Genetic Predisposition to Papillary Thyroid Carcinoma: Involvement of FOXE1, TSHR, and a Novel lincRNA Gene, PTCSC2

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Abstract

Context:

By genome-wide association studies, the risk allele [A] of SNP rs965513 predisposes strongly to papillary thyroid carcinoma (PTC). It is located in a gene-poor region of 9q22, some 60 kb from the FOXE1 gene. The underlying mechanisms remain to be discovered.

Objective:

Our objective was to identify novel transcripts in the 9q22 locus and correlate gene expression levels with the genotypes of rs965513.

Design:

We performed 3′ and 5′ rapid amplification of cDNA ends and RT-PCR to detect novel transcripts. One novel transcript was forcibly expressed in a cell line followed by gene expression array analysis. We genotyped rs965513 from PTC patients and measured gene expression levels by real-time RT-PCR in unaffected thyroid tissue and matched tumor.

Setting:

This was a laboratory-based study using cells from clinical tissue samples and a cancer cell line.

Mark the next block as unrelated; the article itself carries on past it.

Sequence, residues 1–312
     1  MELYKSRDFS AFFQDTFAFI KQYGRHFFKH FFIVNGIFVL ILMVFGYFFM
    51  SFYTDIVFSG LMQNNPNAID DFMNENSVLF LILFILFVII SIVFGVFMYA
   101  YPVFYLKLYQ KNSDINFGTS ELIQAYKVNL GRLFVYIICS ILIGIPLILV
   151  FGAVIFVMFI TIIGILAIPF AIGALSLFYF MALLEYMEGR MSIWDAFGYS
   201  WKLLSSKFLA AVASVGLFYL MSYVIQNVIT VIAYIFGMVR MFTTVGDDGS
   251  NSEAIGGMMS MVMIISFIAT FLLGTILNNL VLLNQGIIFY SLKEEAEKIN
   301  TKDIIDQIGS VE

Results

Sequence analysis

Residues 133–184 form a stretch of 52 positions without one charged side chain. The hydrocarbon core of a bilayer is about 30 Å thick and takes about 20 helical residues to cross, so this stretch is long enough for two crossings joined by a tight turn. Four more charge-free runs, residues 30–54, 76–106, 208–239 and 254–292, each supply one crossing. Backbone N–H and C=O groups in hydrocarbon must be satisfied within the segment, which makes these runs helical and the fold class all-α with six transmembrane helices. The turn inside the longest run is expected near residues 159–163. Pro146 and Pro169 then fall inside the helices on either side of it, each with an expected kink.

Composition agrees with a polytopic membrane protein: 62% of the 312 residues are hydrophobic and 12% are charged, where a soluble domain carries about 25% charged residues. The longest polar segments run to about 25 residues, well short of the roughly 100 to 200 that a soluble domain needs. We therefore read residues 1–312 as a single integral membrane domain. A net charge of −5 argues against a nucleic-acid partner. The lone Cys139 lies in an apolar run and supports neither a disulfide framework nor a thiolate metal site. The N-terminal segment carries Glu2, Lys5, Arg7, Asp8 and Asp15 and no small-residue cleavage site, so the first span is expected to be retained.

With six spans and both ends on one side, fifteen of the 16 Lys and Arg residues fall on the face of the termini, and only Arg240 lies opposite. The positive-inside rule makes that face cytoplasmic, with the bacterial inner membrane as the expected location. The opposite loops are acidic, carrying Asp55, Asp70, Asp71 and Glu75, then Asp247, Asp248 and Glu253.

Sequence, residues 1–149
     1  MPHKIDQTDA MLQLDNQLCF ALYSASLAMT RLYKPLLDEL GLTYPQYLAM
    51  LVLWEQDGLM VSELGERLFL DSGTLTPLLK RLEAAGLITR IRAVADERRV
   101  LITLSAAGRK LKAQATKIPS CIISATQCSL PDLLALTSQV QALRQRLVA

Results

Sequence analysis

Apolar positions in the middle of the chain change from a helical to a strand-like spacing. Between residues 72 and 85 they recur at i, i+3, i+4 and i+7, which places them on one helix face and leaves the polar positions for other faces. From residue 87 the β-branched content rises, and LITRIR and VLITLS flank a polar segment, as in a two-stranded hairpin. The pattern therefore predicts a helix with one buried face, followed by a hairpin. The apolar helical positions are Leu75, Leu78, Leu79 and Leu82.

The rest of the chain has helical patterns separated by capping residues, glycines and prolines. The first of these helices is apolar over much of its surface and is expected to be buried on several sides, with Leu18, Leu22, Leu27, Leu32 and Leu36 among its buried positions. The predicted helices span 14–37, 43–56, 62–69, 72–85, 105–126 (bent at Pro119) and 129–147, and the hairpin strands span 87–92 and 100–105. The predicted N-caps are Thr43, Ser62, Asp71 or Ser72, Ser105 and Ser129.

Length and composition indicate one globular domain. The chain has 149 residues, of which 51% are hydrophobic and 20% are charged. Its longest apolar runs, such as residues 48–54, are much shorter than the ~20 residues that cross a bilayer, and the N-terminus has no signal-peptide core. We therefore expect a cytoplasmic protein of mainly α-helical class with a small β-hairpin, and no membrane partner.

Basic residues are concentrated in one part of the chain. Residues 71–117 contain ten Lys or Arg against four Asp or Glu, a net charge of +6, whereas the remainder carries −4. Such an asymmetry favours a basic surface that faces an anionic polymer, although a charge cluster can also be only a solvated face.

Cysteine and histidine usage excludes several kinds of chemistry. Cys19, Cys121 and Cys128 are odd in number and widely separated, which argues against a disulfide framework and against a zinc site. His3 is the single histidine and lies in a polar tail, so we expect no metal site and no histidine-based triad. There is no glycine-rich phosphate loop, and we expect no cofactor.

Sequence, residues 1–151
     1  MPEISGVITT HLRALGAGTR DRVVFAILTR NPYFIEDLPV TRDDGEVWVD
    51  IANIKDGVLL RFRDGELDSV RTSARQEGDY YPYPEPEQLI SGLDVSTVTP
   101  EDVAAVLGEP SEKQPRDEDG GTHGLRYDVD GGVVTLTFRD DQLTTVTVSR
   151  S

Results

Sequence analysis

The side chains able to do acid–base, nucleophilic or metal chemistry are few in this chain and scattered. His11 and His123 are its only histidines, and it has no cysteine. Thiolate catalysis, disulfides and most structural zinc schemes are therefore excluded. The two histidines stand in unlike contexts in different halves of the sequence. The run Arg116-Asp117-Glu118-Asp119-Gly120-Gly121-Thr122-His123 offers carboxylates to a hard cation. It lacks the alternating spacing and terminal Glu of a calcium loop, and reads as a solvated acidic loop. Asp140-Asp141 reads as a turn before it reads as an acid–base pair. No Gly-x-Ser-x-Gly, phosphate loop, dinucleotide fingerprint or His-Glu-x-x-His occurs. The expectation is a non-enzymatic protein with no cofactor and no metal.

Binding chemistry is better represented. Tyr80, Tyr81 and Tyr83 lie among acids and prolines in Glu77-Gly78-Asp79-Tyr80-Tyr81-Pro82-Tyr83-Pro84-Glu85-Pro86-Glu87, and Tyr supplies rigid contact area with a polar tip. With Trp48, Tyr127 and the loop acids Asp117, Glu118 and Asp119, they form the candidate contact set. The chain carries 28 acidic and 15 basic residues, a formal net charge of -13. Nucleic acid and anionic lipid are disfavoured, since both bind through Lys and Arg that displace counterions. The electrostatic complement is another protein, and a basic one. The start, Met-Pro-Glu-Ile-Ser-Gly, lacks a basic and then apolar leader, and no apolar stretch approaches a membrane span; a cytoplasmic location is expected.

Main Outcome Measures:

We detected previously uncharacterized transcripts and evaluated the gene expression levels and the correlation with the risk allele of rs965513, age, gender, chronic lymphocyte thyroiditis (CLT), and TSH levels.

Results:

We found a novel long intergenic noncoding RNA gene and named it papillary thyroid cancer susceptibility candidate 2 (PTCSC2). Transcripts of PTCSC2 are down-regulated in PTC tumors. The risk allele [A] of rs965513 was significantly associated with low expression of unspliced PTCSC2, FOXE1, and TSHR in unaffected thyroid tissue. We also observed a significant association of age and CLT with PTCSC2 unspliced transcript levels. The correlation between the rs965513 genotype and the PTCSC2 unspliced transcript levels remained significant after adjusting for age, gender, and CLT. Forced expression of PTCSC2 in the BCPAP cell line affected the expression of a subset of noncoding and coding transcripts with enrichment of genes functionally involved in cell cycle and cancer.

Conclusions:

Our data suggest a role for PTCSC2, FOXE1, and TSHR in the predisposition to PTC.

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